December 24th, 2005


Steamy thermopolae

This time next week I'll be in Japan. One of my favourite things to do, just before I head off on a trip to my favourite place, is plan excursions. Before I moved to Tokyo from New York in early 2001, I wrote a lyrical piece about Nakameguro called Organic Cafe. I anticipated "just hanging out, riding a folding bicycle as neat, small and silver as a pair of travelling scissors... cycling by the river, under the cherry trees, towards the Organic Cafe."

This time, utopia isn't summed up in a teacup but in a bath. A public bath. "I was thinking," Hisae writes to me from Osaka, "one day we can go to the place called Kinosaki, which is a onsen town in Hyogo prefecture (next to Kyoto) with 7 onsen. People are wearing yukata walking around the town going to sento one after another. I found a cheap hotel. It doesn't look that great but it's 3150 yen per a night and you can get free tickets to access to those 7 onsen places. It will take about 3 hours by train and a bit more by a car, and by train it will cost 4-5000 yen. Actually the Relax magazine onsen issue was introducing the ones which are in outside of Japan -- Iceland, Germany, New Zealand etc, and only a few onsens in Japan. Haven't read it properly though."

Bathing incarnates utopia for me this time not just because I've been living in a house without a bath for the last year, or because onsen bathing is trendy enough to feature on the cover of Relax magazine's January issue, but because it sums up the civilised attitude to embodiment that prevails in Japan. Pleasure, there, is something to do with a non-destructive and non-sporting enjoyment of your body, something that can be pursued communally in a dedicated spa town.

Other cultures have had similar pursuits, similar framings of pleasure, sometimes with more explicit spiritual overtones; think of Indians congregating to bathe in the Ganges. Or think of the ancient Romans, stopping work every afternoon to scrape themselves clean and enjoy a massage at the baths. I've listened countless times to a radio series David Aaronovitch made for BBC Radio 4 in 2002, The Roman Way, and particularly the episode about the public baths, or thermae.

"After the Romans left Britain in the 5th century AD," says Aaronovitch, "our ancestors didn't bathe again for a thousand years." But while Rome was still Europe's superpower, life in British cities like Bath would have followed the same pattern it followed in Rome. The Forum emptied out at lunchtime. The men went to the baths, huge steamy cathedral-like buildings surrounded by high density Roman apartment buildings, in the afternoon. The afternoon was a time for relaxation, but baths were some of the busiest places in the Roman city, filled with a cross-section of the Roman population, from naked slaves to naked nobles.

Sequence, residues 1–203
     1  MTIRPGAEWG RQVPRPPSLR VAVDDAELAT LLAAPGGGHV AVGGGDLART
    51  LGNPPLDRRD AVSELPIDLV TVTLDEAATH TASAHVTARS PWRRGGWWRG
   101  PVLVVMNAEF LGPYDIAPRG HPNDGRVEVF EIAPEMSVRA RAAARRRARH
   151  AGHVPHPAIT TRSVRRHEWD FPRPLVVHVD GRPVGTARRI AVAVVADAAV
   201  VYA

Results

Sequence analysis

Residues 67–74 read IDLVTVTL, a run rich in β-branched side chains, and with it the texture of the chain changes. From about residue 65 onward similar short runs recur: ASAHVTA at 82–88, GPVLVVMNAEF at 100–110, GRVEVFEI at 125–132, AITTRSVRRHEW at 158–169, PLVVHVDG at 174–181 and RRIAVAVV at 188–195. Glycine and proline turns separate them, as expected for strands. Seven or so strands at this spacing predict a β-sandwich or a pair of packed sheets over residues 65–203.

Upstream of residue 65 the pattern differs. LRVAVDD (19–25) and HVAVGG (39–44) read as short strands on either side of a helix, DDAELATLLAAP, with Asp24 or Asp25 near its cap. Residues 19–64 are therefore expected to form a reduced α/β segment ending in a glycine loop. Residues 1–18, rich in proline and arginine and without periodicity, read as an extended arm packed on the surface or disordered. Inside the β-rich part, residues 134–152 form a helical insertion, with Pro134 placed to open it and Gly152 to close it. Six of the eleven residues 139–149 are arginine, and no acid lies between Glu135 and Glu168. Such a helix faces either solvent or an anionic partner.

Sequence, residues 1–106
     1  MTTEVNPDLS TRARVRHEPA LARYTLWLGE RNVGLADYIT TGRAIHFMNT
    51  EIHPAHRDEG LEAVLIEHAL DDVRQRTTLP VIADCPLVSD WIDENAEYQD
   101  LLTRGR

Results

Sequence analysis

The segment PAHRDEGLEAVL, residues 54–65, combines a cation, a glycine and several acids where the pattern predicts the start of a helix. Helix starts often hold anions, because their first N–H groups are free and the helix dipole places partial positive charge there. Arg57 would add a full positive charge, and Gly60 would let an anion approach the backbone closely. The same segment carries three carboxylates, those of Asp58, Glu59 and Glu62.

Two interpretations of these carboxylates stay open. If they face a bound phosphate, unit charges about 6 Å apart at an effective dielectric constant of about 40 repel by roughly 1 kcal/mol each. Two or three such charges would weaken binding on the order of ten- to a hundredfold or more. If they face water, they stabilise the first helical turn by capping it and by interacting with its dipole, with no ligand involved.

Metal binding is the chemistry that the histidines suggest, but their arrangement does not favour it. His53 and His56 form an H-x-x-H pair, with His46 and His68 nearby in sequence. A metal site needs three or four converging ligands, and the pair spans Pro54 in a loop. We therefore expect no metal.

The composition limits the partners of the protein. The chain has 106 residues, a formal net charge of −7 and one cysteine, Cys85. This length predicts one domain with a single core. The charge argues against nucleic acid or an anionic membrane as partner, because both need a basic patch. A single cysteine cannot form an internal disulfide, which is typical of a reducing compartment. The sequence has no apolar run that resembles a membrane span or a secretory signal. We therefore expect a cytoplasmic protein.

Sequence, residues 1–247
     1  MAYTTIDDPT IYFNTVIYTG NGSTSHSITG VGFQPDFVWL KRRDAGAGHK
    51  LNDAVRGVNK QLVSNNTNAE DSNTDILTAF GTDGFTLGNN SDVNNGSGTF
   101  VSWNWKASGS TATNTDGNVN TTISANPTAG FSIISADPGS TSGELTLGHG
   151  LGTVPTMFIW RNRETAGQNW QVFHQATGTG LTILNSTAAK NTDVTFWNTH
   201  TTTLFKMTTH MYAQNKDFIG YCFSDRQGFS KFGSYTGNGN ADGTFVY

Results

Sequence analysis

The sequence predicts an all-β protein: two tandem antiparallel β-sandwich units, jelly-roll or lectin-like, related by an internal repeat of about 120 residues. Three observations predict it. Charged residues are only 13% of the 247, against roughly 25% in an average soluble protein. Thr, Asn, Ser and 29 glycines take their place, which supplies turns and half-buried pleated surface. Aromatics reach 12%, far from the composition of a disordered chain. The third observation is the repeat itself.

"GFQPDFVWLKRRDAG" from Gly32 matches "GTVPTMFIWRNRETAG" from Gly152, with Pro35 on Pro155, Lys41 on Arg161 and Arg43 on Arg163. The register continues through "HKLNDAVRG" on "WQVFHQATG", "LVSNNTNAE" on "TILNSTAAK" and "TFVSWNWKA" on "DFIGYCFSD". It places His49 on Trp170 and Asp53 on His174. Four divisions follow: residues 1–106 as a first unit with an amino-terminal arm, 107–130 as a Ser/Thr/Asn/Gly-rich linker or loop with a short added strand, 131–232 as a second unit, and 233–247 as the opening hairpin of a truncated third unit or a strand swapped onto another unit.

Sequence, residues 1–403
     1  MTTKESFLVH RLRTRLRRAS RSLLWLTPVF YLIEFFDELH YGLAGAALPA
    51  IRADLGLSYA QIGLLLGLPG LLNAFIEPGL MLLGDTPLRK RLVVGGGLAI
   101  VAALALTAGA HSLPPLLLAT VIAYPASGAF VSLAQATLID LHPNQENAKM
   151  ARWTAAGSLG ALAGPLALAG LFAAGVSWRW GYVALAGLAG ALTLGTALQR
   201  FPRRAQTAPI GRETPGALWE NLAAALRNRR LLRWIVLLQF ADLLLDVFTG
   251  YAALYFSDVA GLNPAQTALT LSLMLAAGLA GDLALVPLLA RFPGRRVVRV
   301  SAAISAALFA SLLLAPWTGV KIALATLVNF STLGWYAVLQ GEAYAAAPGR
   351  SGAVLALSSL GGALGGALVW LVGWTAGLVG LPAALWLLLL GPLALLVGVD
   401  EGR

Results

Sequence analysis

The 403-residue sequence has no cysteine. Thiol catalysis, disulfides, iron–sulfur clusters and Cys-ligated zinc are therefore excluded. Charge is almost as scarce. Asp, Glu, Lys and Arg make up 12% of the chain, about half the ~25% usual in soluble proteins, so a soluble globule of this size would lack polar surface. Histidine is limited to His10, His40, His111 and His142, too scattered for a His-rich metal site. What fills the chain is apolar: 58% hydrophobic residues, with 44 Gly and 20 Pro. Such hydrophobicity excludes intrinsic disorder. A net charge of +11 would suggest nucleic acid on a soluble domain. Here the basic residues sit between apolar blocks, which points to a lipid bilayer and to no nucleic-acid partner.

You'd leave your clothes in a numbered cubicle marked with an erotic painting. You'd exercise, eat, drink, have a massage, get depilated with a strigil, get oiled up. The Stoic philosopher Seneca lived above a bath, and hated it. He thought the baths were proof of social decadence, and longed for the good old days "when men washed once a week and smelt of the farm and the army." But mostly it was the noise he couldn't stand:

"My dear Lucilius, here I am surrounded by all kinds of noise. I hear the grunts of musclemen exercising and jerking those heavy weights around, add to this the racket of a fellow who likes the sound of his own voice in the bath, plus those who plunge into the pool with a huge splash of water, besides those who just have loud voices... Imagine the skinny armpit hair plucker, whose cries are so shrill as to draw people's attention, and never stop except when he's doing his job and making someone else shriek for him! Now add the mingled cries of the drink peddler, and the sellers of sausages, pastries and hot fare, each hawking his own wares, with his own particular peel... And there's a lazy chap happy with a cheap massage: I hear the smack of the hand on his shoulders, the sound varying with whether it strikes flat or cupped."

It sounds completely wonderful; the only thing better would be to hear it all in Japanese.